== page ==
Home

"Rise and szhine," came the hard Prussian voice of Dr. Aldin Preshnovk as Gean's eyes cracked ajar. When he had finally opened them completely, and had broken through an immense pain flaming on his forehead, he realized he was laid out on one of the pull-out cots near the computer mainframe in Chamber 1. Kyira was leaning up against a nearby wall, concernedly beaming at him as he rose out of bed.

"What ha—"

"I'm going to stop you right zere, Gean. You zee, he'z still in shock, Kyira."

She nodded. Gean said, "Where...where's Liam."

"You need to rest," Kyira said simply. She looked at Preshnovk. "Where's the robot?"

Gean looked confusedly from her to the doctor. "It'z zafe," Preshnovk whispered.

"Where the heck is Liam?"

"He zafe, too, Gean. Sit back. Calm yourself."

"Well, I can't. Where is he?"

"I'm right here, hotshot." Liam appeared almost miraculously from the forward hull. In tow behind him was a small, medium-sized droid of some kind, eyes aglow in a fiery awareness. It strode forward, moving like a self-actualized being.

"Good morning, sir." Once again, its eyes roved in an unnatural radiance as if all-knowing and ever-aware. "May I check your vitals please?"

Hesitantly, Gean lifted his arm and gave the little bot his hand. It took the smallest blood sample from his index finger before looking back at Dr. Preshnovk. "He has a mild concussion, sir. Nothing too drastic."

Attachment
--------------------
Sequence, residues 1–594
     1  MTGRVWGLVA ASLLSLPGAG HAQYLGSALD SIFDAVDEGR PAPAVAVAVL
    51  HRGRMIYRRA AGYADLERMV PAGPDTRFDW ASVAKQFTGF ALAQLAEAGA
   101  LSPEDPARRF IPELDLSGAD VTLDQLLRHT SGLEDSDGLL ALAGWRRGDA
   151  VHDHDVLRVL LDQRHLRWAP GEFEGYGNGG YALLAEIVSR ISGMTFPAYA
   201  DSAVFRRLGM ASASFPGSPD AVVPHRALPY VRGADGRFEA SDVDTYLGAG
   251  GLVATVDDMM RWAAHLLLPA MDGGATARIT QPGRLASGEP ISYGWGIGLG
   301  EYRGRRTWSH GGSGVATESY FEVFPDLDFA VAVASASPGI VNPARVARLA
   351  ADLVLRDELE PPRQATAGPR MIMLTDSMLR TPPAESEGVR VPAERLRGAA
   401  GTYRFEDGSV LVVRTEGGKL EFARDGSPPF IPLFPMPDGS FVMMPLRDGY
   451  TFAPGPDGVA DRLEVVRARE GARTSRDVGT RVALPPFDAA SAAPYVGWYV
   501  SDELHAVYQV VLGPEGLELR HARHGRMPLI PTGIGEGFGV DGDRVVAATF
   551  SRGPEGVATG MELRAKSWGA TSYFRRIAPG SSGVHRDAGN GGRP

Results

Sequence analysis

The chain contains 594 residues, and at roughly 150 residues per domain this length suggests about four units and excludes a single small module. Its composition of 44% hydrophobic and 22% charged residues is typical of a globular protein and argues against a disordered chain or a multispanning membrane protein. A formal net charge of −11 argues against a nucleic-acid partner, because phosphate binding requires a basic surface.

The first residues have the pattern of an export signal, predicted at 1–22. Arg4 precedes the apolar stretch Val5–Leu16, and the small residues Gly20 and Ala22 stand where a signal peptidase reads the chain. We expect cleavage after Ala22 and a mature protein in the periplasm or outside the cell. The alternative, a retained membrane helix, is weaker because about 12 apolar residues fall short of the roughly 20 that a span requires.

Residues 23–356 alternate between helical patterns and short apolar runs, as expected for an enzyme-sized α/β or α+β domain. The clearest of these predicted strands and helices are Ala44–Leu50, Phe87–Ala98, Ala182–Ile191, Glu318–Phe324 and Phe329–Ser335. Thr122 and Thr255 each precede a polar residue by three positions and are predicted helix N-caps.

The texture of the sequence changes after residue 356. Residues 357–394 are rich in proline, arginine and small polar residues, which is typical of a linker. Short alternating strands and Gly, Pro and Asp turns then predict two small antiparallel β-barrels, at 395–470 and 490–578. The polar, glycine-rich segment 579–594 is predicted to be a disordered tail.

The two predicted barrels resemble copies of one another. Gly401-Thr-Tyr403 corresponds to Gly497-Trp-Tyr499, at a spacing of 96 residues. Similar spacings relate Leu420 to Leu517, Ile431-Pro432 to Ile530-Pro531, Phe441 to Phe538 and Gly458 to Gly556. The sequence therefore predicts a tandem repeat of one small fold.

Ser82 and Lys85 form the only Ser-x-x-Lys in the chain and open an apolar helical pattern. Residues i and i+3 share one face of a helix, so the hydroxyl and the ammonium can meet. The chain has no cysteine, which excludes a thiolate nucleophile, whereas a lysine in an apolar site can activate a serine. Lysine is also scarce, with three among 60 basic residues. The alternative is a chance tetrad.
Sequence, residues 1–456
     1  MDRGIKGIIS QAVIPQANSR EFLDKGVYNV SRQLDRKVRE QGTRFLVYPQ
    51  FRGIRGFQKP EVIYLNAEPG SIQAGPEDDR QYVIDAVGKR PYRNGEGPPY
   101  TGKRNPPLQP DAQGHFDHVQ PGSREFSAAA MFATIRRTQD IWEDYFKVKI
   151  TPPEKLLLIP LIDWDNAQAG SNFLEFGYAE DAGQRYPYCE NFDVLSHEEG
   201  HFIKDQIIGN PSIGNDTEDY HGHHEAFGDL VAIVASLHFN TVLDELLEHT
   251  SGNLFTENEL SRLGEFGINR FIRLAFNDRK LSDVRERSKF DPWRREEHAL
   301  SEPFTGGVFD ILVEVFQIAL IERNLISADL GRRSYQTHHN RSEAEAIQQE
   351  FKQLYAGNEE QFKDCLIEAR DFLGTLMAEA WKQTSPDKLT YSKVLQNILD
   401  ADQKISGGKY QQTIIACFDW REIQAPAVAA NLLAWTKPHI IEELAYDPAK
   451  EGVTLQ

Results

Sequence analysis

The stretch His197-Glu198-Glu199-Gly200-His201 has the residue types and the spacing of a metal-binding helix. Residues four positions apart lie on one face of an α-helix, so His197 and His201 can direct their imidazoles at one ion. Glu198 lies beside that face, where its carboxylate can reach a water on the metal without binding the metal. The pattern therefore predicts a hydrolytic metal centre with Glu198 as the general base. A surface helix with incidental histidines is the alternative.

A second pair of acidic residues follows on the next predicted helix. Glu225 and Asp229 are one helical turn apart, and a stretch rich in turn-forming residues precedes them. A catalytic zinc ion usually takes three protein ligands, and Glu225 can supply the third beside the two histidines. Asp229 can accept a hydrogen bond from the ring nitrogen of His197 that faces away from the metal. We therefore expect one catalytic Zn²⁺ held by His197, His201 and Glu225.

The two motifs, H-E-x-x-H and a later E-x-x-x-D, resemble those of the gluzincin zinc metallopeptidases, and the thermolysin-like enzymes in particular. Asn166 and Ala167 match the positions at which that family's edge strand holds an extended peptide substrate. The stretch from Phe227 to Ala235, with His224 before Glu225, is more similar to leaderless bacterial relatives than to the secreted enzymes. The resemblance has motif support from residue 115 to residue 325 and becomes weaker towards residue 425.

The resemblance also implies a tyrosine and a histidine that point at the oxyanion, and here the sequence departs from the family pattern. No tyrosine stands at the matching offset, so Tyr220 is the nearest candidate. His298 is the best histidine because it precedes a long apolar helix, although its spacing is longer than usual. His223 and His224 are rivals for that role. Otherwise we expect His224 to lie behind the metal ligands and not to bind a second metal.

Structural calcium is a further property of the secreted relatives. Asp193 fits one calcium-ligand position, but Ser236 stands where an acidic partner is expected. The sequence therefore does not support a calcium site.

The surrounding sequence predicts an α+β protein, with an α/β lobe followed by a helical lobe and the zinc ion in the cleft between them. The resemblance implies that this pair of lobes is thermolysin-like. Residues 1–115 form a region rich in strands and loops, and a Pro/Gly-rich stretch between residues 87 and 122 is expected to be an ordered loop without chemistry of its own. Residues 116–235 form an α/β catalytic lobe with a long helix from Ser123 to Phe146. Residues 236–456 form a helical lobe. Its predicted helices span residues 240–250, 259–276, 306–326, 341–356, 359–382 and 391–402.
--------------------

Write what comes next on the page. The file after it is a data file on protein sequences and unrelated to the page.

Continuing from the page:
The doctor nodded. "You see, Gean. Everyzing is fine."

"...but, what happened?"

"He saved me—us, I mean." Liam raised his shoulders in somewhat of confusion. "This little guy brought both me and the doc back into the ship on his freaking back. Didn't you, lil bud?"

The bot made a noise like that of joy and raised one little arm into the sky. "Right, I did! I also righted the ship's forward and rear thrusters. We are back on track, Mr. Liam, sir."

"Back on track, to where?" Kyira said. Her voice seemed void of emotion. She was on pins and needles, probably beyond annoyed with Preshnovk (among other things), but most of all irritated that she let the ship down, or simply failed the mission. "And, since we're on the topic, where the heck did the UO go?"

"Home," the little bot told her in response. "To answer both your questions, ma'am."

Every human looked down at the robot with a face of absolute surprise. "What?" They spoke in unison.

"We are headed home, like the obelisk, or 'unidentified object' as you say," it said.

"What...what was it?" Gean asked.